It's true that most bridges are "two directional."
But three way bridges are pretty rare, globally. I can understand why there wouldn't be many for rivers, but if bridges are designed based on the lie of the surrounding ground, why wouldn't there be a large number of non-river sites that would support such bridges.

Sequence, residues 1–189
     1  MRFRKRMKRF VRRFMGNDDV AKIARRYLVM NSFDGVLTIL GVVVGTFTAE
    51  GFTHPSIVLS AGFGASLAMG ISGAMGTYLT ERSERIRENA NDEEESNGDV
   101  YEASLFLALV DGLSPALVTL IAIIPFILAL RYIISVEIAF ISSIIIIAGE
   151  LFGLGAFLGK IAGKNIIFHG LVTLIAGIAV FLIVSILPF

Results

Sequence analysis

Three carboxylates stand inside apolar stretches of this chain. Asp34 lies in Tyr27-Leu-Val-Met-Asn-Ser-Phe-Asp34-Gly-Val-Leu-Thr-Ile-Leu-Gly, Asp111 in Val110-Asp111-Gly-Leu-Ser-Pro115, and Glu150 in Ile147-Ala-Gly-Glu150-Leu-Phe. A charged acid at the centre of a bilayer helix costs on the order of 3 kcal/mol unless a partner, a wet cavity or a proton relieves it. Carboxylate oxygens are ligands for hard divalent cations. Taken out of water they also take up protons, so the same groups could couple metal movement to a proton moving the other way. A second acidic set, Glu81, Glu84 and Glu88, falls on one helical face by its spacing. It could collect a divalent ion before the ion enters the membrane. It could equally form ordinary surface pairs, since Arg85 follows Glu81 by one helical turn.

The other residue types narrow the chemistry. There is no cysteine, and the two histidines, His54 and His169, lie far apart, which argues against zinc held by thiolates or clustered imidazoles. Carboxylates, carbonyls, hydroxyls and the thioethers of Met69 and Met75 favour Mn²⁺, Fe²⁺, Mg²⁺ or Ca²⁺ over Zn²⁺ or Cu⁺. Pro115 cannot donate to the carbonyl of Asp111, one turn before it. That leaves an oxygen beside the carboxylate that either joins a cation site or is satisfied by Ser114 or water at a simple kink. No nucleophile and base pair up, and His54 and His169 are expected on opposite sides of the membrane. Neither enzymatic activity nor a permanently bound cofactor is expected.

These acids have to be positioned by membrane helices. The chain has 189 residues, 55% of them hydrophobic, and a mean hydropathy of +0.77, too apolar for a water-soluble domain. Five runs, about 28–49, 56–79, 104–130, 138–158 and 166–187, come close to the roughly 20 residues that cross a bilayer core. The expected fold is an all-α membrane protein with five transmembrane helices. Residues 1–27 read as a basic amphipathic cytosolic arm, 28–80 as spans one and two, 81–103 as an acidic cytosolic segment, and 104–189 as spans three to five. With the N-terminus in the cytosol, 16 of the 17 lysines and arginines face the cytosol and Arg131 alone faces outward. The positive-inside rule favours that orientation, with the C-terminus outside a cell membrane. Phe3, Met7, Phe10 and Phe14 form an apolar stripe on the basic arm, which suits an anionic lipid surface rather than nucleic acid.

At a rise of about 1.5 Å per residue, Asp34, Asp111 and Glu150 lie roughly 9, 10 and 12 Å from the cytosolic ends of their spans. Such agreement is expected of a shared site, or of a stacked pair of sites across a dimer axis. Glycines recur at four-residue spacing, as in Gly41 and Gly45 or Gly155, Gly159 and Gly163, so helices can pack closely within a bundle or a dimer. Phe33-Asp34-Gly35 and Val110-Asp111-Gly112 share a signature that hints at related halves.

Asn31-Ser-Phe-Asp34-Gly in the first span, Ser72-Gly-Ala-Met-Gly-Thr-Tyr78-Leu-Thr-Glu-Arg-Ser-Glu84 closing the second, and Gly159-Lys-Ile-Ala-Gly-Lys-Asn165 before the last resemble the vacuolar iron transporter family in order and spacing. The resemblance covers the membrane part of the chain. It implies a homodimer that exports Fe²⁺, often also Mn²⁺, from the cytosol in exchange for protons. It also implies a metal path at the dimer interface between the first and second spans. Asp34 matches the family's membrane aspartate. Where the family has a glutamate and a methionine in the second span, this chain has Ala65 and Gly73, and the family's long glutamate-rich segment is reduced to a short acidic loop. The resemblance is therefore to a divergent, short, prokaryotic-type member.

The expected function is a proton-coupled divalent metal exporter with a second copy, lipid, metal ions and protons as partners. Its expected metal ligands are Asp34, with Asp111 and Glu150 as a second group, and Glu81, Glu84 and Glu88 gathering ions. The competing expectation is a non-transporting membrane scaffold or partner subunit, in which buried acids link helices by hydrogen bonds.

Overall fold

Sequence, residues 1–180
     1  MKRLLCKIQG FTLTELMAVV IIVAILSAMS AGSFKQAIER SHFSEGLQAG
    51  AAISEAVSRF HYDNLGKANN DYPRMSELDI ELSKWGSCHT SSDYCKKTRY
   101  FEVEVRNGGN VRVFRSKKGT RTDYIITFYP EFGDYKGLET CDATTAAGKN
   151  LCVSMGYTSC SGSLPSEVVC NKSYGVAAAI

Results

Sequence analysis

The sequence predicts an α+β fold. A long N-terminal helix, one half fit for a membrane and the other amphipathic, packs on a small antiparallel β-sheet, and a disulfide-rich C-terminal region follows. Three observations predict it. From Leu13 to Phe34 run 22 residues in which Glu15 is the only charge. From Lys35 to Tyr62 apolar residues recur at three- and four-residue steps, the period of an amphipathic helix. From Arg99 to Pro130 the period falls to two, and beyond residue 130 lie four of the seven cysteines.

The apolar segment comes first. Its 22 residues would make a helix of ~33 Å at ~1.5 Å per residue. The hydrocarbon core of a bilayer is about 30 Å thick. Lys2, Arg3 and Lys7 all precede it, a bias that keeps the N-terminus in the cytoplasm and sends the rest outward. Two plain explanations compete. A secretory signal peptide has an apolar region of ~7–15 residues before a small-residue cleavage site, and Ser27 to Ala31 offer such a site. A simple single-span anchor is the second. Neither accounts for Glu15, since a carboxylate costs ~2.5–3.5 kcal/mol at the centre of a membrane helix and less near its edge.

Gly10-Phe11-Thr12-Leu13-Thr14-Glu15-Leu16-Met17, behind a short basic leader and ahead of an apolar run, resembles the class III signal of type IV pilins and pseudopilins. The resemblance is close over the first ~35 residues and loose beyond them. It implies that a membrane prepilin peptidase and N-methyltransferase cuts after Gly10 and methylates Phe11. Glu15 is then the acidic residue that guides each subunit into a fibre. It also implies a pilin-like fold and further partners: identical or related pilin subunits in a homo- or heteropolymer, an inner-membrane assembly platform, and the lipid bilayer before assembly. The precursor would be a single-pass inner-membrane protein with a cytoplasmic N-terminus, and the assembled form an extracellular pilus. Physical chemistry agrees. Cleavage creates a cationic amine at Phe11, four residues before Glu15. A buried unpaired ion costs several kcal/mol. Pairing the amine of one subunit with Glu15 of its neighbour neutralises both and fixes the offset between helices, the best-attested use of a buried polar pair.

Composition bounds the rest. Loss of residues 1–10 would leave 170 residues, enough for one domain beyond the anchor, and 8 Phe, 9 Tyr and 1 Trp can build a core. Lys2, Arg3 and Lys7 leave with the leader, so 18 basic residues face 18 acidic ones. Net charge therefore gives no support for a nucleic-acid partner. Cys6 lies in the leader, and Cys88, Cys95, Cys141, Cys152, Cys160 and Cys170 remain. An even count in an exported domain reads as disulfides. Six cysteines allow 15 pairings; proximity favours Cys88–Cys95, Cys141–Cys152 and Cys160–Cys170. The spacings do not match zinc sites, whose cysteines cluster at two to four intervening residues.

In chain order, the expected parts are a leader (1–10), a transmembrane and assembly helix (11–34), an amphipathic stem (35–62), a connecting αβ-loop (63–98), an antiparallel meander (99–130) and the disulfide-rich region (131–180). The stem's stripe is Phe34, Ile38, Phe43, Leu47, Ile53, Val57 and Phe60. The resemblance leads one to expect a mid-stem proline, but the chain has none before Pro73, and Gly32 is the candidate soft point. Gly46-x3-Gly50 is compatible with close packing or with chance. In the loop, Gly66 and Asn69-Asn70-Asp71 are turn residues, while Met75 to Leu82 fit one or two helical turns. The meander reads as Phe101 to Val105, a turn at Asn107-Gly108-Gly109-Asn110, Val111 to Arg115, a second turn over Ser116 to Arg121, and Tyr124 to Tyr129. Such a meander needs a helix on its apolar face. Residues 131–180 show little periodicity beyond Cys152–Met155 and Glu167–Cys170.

On the other hand, three out of the world's bridges exist in Michigan (and only ten or so elsewhere in the United States). What is it about the land, topography, or other features of Michigan that cause it to have a disproportionate number of the country's and world's three way bridges.